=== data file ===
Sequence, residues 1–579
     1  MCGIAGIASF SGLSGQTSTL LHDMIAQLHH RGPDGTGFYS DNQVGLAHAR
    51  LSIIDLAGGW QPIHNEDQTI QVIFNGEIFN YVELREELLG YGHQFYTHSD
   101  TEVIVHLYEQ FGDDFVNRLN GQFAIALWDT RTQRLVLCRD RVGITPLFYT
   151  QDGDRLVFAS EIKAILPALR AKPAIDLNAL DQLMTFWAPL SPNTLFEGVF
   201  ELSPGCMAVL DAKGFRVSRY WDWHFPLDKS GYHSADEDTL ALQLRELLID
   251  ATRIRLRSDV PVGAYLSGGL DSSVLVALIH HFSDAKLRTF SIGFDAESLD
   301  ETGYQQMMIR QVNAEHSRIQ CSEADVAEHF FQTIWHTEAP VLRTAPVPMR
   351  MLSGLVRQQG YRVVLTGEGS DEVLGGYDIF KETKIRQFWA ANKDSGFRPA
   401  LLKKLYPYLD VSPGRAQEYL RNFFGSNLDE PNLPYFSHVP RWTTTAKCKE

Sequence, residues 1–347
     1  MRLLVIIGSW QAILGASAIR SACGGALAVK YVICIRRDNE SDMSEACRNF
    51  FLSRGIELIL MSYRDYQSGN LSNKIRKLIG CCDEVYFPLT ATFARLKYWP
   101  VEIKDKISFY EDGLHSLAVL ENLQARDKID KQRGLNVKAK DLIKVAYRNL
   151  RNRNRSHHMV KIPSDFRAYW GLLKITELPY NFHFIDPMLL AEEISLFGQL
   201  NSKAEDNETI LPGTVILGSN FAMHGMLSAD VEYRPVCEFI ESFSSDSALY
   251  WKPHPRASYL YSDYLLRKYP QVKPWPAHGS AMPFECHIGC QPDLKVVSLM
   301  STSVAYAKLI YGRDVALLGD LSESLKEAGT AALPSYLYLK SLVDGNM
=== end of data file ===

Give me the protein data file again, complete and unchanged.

Sequence, residues 1–579
     1  MCGIAGIASF SGLSGQTSTL LHDMIAQLHH RGPDGTGFYS DNQVGLAHAR
    51  LSIIDLAGGW QPIHNEDQTI QVIFNGEIFN YVELREELLG YGHQFYTHSD
   101  TEVIVHLYEQ FGDDFVNRLN GQFAIALWDT RTQRLVLCRD RVGITPLFYT
   151  QDGDRLVFAS EIKAILPALR AKPAIDLNAL DQLMTFWAPL SPNTLFEGVF
   201  ELSPGCMAVL DAKGFRVSRY WDWHFPLDKS GYHSADEDTL ALQLRELLID
   251  ATRIRLRSDV PVGAYLSGGL DSSVLVALIH HFSDAKLRTF SIGFDAESLD
   301  ETGYQQMMIR QVNAEHSRIQ CSEADVAEHF FQTIWHTEAP VLRTAPVPMR
   351  MLSGLVRQQG YRVVLTGEGS DEVLGGYDIF KETKIRQFWA ANKDSGFRPA
   401  LLKKLYPYLD VSPGRAQEYL RNFFGSNLDE PNLPYFSHVP RWTTTAKCKE

Sequence, residues 1–347
     1  MRLLVIIGSW QAILGASAIR SACGGALAVK YVICIRRDNE SDMSEACRNF
    51  FLSRGIELIL MSYRDYQSGN LSNKIRKLIG CCDEVYFPLT ATFARLKYWP
   101  VEIKDKISFY EDGLHSLAVL ENLQARDKID KQRGLNVKAK DLIKVAYRNL
   151  RNRNRSHHMV KIPSDFRAYW GLLKITELPY NFHFIDPMLL AEEISLFGQL
   201  NSKAEDNETI LPGTVILGSN FAMHGMLSAD VEYRPVCEFI ESFSSDSALY
   251  WKPHPRASYL YSDYLLRKYP QVKPWPAHGS AMPFECHIGC QPDLKVVSLM
   301  STSVAYAKLI YGRDVALLGD LSESLKEAGT AALPSYLYLK SLVDGNM